Comic-Con was Robert Kirkman’s big week. Besides the building momentum for the forthcoming AMC series based on his comic book The Walking Dead, he announced a new imprint called Skybound that he’s running at Image Comics. He talked to us about the new company, its structure and its business model.
TECHLAND: So what’s the story with Skybound?
Robert Kirkman: It’s an imprint I’m forming at Image Comics–I’m going to be working within the Image Comics banner. Sina Grace recently came on as editorial director of Skybound, so he’ll be keeping the ships running on top. I’m also going to be taking new creators under my wing and using my vast experience in the comics industry to help them reach a wide audience through Image, and also just oversee the books directly. I’m going to take an active hand in helping them put their books together. The first one of those we’ll be doing is Witch Doctor by Brandon Seifert and Lukas Ketner. They’re really talented, and they did an amazing book in Witch Doctor. It’s a wholly original, really fantastic concept.
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And then I’m going to be creating some books that I’ve hired some people to do for me. The first one of those is Thief of Thieves, which will be coming out in 2011 after Witch Doctor comes out. We’ve got a fellow by the name of Nick Spencer who is going to be running that. We’re still looking for an artist. We’re having a talent search that we’re hosting on the web site. We’re going to be looking for artists, and it’s possible that they will go onto Thief of Thieves, or they may go on to something else, I’m not sure. I’m just looking for what’s out there and to see which artists we can use. I’m looking for some talented folks. That’s Skybound in a nutshell, I guess.
It’s a little bit different from the business model that Image has used in the past, right?
It’s different in that Image Comics was designed for creators by creators. Image Comics gives you complete and utter freedom. They take no rights whatsoever. For someone like myself who can handle infrastructure, it’s the best deal in town. It’s absolutely the best deal in town. Skybound is there for people who don’t feel like they can do it on their own. So I’ll be there helping out with international rights, dealing with foreign publishers, and helping them expand their reach that way. I’ll also be using what I learned on The Walking Dead show about doing rights exploitation, trying to get television and movies picked up. And for these services, I’ll be taking a smaller percentage than any other publisher in comics, next to Image.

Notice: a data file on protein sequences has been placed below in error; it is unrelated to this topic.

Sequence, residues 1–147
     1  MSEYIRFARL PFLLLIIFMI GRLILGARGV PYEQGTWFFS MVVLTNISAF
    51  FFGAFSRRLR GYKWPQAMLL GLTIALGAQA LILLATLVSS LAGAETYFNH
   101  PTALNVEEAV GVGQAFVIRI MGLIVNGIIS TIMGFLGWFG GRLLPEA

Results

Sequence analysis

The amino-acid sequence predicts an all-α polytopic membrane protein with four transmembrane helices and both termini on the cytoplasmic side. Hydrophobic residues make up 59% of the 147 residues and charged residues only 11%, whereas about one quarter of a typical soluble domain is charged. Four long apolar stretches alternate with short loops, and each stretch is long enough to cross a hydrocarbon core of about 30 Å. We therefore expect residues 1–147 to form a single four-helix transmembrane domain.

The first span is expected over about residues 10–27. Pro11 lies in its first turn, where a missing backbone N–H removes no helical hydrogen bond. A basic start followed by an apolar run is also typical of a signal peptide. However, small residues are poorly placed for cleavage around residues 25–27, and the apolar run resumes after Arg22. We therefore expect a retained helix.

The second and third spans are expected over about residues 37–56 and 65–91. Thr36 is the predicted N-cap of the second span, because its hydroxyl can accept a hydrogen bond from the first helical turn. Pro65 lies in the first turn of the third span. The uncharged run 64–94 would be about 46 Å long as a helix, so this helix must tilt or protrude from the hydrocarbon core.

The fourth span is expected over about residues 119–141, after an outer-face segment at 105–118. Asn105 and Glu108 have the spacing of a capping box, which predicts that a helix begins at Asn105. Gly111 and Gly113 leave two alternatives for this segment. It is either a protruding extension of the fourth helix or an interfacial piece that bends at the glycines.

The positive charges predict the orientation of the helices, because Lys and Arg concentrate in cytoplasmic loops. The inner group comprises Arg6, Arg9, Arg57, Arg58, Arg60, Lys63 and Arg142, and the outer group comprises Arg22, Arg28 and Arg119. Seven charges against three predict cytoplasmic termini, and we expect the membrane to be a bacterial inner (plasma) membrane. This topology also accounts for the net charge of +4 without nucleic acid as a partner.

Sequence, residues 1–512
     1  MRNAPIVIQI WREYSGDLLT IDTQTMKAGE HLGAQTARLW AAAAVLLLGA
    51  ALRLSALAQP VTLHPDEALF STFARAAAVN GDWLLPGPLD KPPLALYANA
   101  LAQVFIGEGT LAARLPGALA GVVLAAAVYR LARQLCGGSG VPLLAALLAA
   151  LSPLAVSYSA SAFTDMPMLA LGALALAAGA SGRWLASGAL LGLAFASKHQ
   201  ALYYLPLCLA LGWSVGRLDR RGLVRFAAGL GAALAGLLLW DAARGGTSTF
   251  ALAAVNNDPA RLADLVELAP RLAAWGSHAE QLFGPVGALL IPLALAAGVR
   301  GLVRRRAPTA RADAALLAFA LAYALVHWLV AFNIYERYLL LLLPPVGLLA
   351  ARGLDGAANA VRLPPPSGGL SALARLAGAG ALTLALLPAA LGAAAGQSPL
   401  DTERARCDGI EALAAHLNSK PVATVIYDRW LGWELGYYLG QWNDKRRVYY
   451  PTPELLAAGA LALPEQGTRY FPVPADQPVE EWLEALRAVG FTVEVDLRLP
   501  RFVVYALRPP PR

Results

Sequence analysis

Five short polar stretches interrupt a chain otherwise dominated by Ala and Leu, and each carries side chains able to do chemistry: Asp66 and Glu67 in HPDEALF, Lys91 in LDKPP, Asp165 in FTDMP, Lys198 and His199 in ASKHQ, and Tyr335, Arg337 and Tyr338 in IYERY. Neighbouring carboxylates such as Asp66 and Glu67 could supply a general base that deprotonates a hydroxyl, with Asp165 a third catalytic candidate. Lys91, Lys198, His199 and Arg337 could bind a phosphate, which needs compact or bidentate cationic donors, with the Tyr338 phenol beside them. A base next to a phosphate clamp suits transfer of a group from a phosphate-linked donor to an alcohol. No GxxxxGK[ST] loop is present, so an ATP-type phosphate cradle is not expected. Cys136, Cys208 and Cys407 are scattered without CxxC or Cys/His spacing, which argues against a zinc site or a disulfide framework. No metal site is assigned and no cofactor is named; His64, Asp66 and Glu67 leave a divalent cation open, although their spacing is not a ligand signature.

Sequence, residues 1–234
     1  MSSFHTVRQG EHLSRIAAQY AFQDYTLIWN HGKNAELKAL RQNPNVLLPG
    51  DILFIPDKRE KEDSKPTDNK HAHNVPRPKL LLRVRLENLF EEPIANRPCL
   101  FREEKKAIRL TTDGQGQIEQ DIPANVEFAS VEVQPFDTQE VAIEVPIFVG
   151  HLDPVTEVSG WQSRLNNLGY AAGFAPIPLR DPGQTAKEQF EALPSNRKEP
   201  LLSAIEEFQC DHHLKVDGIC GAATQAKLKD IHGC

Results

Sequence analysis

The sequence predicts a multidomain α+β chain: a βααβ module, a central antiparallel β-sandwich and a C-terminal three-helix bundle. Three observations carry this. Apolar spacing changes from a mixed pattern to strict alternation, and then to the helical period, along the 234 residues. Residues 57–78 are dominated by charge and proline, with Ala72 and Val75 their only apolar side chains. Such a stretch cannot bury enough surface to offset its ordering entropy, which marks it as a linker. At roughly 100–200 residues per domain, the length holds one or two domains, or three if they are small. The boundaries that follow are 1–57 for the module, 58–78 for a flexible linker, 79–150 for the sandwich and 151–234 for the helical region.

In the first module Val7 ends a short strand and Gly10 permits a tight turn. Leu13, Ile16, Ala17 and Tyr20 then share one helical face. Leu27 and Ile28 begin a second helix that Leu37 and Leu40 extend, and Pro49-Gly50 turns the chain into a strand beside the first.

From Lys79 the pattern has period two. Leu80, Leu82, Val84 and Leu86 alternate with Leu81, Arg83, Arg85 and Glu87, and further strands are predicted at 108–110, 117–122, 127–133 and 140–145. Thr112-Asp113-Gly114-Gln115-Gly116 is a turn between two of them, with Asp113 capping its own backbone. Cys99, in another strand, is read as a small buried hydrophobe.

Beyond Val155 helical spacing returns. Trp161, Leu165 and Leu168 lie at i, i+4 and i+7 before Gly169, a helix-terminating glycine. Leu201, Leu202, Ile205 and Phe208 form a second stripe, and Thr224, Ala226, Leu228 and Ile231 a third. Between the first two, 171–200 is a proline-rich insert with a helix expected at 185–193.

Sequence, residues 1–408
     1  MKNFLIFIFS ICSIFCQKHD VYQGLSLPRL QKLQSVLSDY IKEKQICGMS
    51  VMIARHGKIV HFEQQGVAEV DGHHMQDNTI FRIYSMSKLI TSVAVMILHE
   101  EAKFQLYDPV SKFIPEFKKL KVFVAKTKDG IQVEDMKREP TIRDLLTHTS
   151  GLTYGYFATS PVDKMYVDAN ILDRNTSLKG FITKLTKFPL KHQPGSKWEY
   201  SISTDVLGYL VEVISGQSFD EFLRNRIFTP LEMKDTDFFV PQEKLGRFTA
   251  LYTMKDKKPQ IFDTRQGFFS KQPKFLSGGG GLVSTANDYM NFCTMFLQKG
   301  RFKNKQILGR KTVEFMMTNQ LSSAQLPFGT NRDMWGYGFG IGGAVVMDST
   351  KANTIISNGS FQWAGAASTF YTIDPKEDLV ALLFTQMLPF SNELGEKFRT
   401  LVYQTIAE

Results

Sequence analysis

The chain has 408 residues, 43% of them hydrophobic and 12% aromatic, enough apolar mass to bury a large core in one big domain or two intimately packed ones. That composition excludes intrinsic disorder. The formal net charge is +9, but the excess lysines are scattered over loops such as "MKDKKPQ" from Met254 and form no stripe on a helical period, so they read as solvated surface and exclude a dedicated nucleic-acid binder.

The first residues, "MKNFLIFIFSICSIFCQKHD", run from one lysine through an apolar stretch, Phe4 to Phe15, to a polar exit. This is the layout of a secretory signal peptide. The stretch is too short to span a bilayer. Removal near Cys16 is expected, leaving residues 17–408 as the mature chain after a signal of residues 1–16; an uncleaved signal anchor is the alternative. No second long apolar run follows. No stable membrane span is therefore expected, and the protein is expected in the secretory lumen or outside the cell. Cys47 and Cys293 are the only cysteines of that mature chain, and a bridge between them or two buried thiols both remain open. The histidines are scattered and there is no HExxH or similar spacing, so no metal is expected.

Can you say what that percentage is?
No, I can’t. But I know the other publishers’, and it’s the second best deal in comics, I like to say. So I’m really just providing resources for publishers who feel like they need that extra assistance.
For the titles you create, are those going to be work-for-hire deals? How are those going to work out?
Yeah. I think with Thieves, it’s going to be something I create and then I’ll be paying everybody who is working on that a page rate, kind of like what Marvel and DC do.
How big are you planning to expand Skybound?
Skybound is a very exclusive, boutique-like wing of Image Comics. We’re not accepting submissions. I already found the Witch Doctor guys–I found that on my own. That’s how I’ll be continuing to find the Skybound originals, as we’re calling them. I liken it to AMC, just because I’m doing a television show with them. They had Breaking Bad and Mad Men, and they made sure those were successes, and now they’re expanding with things like Rubicon and The Walking Dead. I think that’s definitely the way to go. I think too many of these upstart comic publishing house are like, “Yeah, we’re going to do four books.” Or, “We’re going to do ten books.” It’s just too much work. I want to try to establish readers’ buying habits with Skybound get them invested in the company and excited about what we’re doing before I try to bombard them with too much stuff. So, we’re definitely going to start small, but the sky is the limit.
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For the titles you’re creating, is there just going to be one at first? Again, what’s your plan for expansion?
We’re moving forward. I have a lot of ideas that I really like and want to get out there. There are only so many comics I can write, and there are guys out there who are really wanting to do work-for-hire work. It works for Marvel and DC. It’s a big part of this business, guys who want to make a living doing comics. So, on their way to doing what I feel they should be doing, which is creating comics on their own, if I can pay them to do really cool comics for me to help facilitate them on their way to doing it on their own, then all the better–someone like Nick Spencer, who is actually getting work at DC–and give them the financial push so they can continue doing comics. It’s really hard starting out in independent comics and making a living and being able to focus on it. If I can help them along the way by paying them to do something that I came up with, I think that’s a good thing.
I should note that Nick Spencer is, obviously, an extremely talented writer who’s done great work at Image on things that he’s created and owned, and it is definitely going to benefit me as well to have him write a work-for-hire book for me. That’s not an aspect of it I would try to ignore or even downplay. Sure, it’s going to help him to get a new page rate and a cool job in comics and everything, but just like any business, it’s also to help the business and help me, because I get another property out there, and that’s always cool. But it’s about the same as DC and Marvel’s business model. They hire guys work-for-hire, and they try to get them to keep their properties relevant. It’s basically the same thing, only hopefully my properties will be a little cooler.